Monmouth Commemorates the Life of Charles Rolls 100 Years After Death
Centenary Commemoration of Life of Charles Rolls, founder of Rolls Royce, in Monmouth, Wales, UK 12/07/2010
The life and times of the Hon. Charles Rolls were commemorated today by several events in and around Monmouth, Wales, United Kingdom. He was the third son of Baron LLangattock of Monmouthshire. The family seat was at The Hendre in Monmouth. He was educated at Eton and Trinity College, Cambridge, where he studied Mechanical and Applied Science and was always fascinated with mechanical engineering from an early age. His sporting prowess on bicycles, balloons, aero planes and motor-cars were legendary.
He was known as "Dirty Rolls" at Cambridge because of his continuous tinkering with engines.
He purchased the third car ever seen in Wales. In January 1903 some five years after graduating he set up a car dealership based in Fulham. The company was C.S. Rolls and Co. In May 1904 he met Henry Royce in the Midland Hotel, Manchester; the result of that meeting was historic. He agreed to buy all the production that Henry Royce could make and to resell the cars under the name of Rolls-Royce. In 1906 Rolls and Royce became Roll Royce Limited and eventually that company went on to buy out C.S. Rolls in 1907.
He fell in love with aviation and was an early 20th century balloonist, making ascents using coal gas from a local Gasworks. He made around 170 balloon flights. He helped found the Royal Aero Club in 1903 and was the second person in this country to be granted an Aero Licence. His interest in balloons blossomed in 1907 into one for airplanes and he became one of those magnificent men in their flying machines, taking part in races and daredevil displays. His personal aircraft was bi-plane designed by Wright brothers and made by Short brothers. He was in a flying display at Henistbury Airfield on 12th July 1909, and the tail piece of his aircraft broke off. He was the first Briton to be killed in an aircraft crash. He was only 32 years old at the time. He was buried in St. Cadoc's Church, Llangattock Vibon Avel, near Monmouth. In 1911 Lord Raglan unveiled a statue outside the Shire Hall, in Agincourt Square, Monmouth. The statue shows Charles Rolls holding a bi-plane and gives details of his death in the flying accident.
One hundred years later the Shire Hall and statue have been undergoing refurbishment and the work has been finished just in time for the centenary of his death.
The events to commemorate the life of Charles Rolls began with a church service at Llangattock church where he is buried. The Rolls Royce Company (Rolls-Royce Plc) have given much generous support to this event, ensuring a thorough tidying up of the churchyard and that all the church graves were cleared of excess undergrowth.
The congregation passed two superb vintage Roll Royce cars and the service was opened by The Rev'd Simon Guest, the Vicar of Llangattock who welcomed the many people attending the church service. Throughout the church were a number of themed exhibits relating to Charles Rolls, even the pulpit had its own Rolls Royce badge. Hymns were sung and Mrs Olive Barrell gave the first reading. A second reading was given by a direct descendant of the Rolls family, Mr Simon Harding-Rolls. The Harding-Rolls family still live in the Hendre area.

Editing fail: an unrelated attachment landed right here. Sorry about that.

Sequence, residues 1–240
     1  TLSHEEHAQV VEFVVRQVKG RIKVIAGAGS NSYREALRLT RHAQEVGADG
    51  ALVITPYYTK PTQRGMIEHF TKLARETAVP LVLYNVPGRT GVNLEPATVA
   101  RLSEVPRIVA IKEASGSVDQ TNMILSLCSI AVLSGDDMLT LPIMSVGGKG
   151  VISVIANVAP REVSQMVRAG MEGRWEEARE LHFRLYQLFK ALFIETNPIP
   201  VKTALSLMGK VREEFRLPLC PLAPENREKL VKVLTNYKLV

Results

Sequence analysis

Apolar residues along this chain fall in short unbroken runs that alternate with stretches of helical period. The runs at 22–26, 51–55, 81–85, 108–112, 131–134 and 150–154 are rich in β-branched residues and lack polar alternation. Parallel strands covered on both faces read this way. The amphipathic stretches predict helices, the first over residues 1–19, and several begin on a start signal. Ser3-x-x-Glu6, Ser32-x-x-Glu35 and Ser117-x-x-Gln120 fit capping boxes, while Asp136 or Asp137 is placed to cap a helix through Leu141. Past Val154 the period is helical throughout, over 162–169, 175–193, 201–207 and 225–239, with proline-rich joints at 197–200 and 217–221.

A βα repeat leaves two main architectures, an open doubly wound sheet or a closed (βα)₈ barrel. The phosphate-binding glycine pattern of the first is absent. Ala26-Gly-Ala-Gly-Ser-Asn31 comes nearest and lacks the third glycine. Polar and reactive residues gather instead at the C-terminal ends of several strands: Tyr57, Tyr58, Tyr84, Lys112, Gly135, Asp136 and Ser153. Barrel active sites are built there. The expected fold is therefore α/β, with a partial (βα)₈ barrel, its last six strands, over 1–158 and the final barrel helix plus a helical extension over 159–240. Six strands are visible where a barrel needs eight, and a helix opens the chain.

A third reading was made by Mr Roger James, Community Relations Manager for Rolls-Royce Plc. A final address on the life and times of Charles Rolls was given by the Right Reverend Dominic Walker O.G.S. Lord Bishop of Monmouth.
Within the church a model bi-plane hung from the ceiling along with a superb flower arrangement of a bi-plane, the pulpit had a Rolls-Royce badge on it and a number of other items were on display to show the life of Charles Rolls. Once the service was over each member of the Congregation was offered a posy to take from the church porch and requested to lay it on Charles Rolls's grave as their personal tribute to the memory of this daring aviator. As they passed through the church porch the bell ringers rang the bells 32 times - one peal for each year of the life of Charles Rolls.
Elsewhere in the town of Monmouth a church service took place at St. Mary's Priory Church at 12 noon. This was a huge Congregation of individuals from County Council dignitaries to members of the armed services. Outside the church was an impressive display of Rolls Royce cars spanning the decades. An expected fly-past by the Battle of Britain Memorial flight was cancelled at short notice, causing much disappointment to the crowds. The service was followed by an official presentation at the refurbished Shire Hall and Charles Rolls statue, this was brought forward due to the cancellation of the flight and resulted in large numbers of people arriving for the official presentation after it had taken place adding to the disappointment felt. A cavalcade of Rolls Royce cars paraded through the town but many people missed these because of the decision to change the timing of the event. Many tourists, visitors and townspeople were angry and confused over the decision to change the timing of an event that they saw as an historic moment in the history of the town. A considerable crowd gathered in small groups unsure of what was going to happen next. Several tourists who had planned to arrive for the presentation were visibly upset that it had been moved forward and that they had missed it. Apart from this unfortunate event the celebrations were very impressive and one left feeling that the spirit, daring and drive of Charles Rolls was in the air at Monmouth once again.